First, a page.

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High-power laser bar from Osram simplifies fibre-coupled systems

976nm five emitter bar combines power and beam quality

Osram Opto Semiconductors has introduced the SPL BF98-40-5 laser bar, which it says combines a unique combination of power and beam quality that considerably reduces the complexity of coupling light into fibres.

The laser has a wavelength of 976nm and achieves a brilliance of 3 watts per millimeter and solid angle (W/mm*mrad) at an optical output of 44W. The SPL BF98-40-5 laser bar is 5mm wide and consists of five emitters, each 100µm wide and each with cavity length of 4mm.

Brilliant laser sources generate a narrow beam of light with extremely small beam divergence and high power density. The lateral divergence of the beam emitted by the SPL BF98-40-5 is between 6 degrees at 30W and approx. 9.5 degrees at 60W. This divergence was calculated for the portion of the laser beam containing 95 percent of the optical output power.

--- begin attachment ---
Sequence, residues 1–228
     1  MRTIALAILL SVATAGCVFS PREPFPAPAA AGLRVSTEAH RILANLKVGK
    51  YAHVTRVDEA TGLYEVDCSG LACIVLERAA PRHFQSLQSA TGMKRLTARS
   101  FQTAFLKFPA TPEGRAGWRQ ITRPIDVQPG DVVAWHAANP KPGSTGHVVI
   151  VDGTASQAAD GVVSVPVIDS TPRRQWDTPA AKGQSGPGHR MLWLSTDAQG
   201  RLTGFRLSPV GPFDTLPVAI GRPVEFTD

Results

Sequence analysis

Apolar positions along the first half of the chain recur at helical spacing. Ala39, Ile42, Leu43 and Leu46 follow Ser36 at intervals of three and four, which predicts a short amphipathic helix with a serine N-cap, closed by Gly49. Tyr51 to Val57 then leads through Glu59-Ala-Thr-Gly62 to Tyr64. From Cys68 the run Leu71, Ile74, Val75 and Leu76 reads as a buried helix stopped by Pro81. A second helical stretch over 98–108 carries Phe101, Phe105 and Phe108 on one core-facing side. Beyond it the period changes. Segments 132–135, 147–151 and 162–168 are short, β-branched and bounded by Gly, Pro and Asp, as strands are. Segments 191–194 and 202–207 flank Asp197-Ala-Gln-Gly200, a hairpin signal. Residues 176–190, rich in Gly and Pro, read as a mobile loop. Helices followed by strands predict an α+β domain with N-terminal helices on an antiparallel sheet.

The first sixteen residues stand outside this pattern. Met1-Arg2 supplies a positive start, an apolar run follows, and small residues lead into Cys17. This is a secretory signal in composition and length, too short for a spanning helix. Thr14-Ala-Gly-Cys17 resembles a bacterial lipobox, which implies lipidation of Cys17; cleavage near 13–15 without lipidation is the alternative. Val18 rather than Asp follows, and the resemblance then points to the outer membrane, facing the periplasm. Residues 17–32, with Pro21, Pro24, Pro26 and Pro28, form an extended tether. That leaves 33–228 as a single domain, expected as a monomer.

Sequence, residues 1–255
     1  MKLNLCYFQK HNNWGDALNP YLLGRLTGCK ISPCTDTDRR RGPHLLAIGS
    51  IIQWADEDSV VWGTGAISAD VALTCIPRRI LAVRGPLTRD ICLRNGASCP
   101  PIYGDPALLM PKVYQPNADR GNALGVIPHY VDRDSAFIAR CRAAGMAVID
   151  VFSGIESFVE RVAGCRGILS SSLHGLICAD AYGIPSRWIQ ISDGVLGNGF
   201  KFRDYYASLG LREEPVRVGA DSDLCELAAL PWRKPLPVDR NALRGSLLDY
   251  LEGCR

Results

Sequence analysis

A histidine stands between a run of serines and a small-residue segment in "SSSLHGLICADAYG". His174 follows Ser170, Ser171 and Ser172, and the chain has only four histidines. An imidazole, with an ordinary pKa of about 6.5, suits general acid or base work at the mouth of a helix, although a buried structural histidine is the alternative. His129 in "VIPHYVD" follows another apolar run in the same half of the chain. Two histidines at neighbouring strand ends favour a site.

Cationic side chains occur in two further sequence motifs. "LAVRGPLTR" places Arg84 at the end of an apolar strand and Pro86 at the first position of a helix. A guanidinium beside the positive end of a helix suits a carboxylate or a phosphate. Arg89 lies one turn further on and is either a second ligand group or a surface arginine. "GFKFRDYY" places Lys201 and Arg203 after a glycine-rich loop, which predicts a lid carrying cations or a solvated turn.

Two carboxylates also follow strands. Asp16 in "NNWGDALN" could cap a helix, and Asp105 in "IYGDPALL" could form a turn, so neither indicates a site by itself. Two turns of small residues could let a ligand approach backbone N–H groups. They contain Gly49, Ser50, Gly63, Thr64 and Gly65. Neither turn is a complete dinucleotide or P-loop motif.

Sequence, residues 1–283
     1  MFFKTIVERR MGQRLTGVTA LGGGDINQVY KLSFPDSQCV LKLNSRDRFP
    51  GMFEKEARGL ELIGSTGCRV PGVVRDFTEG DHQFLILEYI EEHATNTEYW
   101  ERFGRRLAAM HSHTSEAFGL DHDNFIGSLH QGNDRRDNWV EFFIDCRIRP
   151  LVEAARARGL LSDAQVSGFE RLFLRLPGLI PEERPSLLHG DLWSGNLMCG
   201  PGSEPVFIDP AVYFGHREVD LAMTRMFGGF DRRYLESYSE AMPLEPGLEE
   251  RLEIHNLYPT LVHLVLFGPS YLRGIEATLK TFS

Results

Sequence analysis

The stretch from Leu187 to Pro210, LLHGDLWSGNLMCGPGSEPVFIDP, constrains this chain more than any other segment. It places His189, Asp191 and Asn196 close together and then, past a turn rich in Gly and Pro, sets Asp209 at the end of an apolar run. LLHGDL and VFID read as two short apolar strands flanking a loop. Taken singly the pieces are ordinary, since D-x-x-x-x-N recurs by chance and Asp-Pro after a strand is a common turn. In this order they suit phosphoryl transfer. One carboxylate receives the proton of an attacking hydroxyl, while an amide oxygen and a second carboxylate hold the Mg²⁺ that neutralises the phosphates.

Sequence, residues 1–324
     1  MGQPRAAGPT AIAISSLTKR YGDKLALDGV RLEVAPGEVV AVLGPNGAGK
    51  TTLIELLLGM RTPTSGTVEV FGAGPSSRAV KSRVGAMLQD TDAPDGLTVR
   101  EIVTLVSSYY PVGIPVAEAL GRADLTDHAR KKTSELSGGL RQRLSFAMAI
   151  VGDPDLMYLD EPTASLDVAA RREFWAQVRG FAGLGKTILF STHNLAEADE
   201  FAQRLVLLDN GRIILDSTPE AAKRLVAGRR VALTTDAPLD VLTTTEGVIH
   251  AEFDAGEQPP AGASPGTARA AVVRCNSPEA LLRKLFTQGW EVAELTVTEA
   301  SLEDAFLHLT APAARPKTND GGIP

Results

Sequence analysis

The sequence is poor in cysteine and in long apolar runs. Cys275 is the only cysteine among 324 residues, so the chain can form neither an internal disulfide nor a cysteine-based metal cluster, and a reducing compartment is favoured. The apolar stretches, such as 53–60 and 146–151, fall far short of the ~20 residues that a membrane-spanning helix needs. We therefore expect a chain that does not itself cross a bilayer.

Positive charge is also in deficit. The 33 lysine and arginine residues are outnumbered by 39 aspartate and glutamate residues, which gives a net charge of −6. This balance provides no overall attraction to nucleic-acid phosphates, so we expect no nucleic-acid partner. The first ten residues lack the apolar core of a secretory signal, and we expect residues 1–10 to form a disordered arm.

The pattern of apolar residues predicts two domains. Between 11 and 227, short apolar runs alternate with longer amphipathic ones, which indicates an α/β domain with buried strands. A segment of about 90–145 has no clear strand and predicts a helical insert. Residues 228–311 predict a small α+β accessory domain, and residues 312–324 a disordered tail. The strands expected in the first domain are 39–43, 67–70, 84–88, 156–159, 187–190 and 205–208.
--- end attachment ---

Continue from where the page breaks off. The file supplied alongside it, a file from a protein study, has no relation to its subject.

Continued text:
The beam quality of a laser is a crucial factor for coupling laser light into optical fibres. The lower the brilliance, the less light is coupled into the fibre. This in turn makes the systems more inefficient and more expensive. Conversely, a brilliant light source greatly simplifies the design of the optical system. "Our new laser bar can significantly reduce the system costs for fibre-coupled diode lasers", said Christian Lauer, Laser Bar Developer at Osram Opto Semiconductors.

The new laser bar is said to offer excellent electro-optical efficiency of e.g. 65 percent at 44 W. This reduces the level of cooling needed for the laser diode and improves the efficiency of the entire system. The temperature rise at the chip is therefore not as great so the laser exhibits very good aging stability. Tests show a drop in output of less than one percent after 4000 hours of operation at an optical output of 65W and a cooling water temperature of 25degC.

Osram Opto Semiconductors defined the fundamental principles for developing the high-power high-brilliance laser bar within the HEMILAS project sponsored by the Germany Ministry for Education and Research (BMBF).

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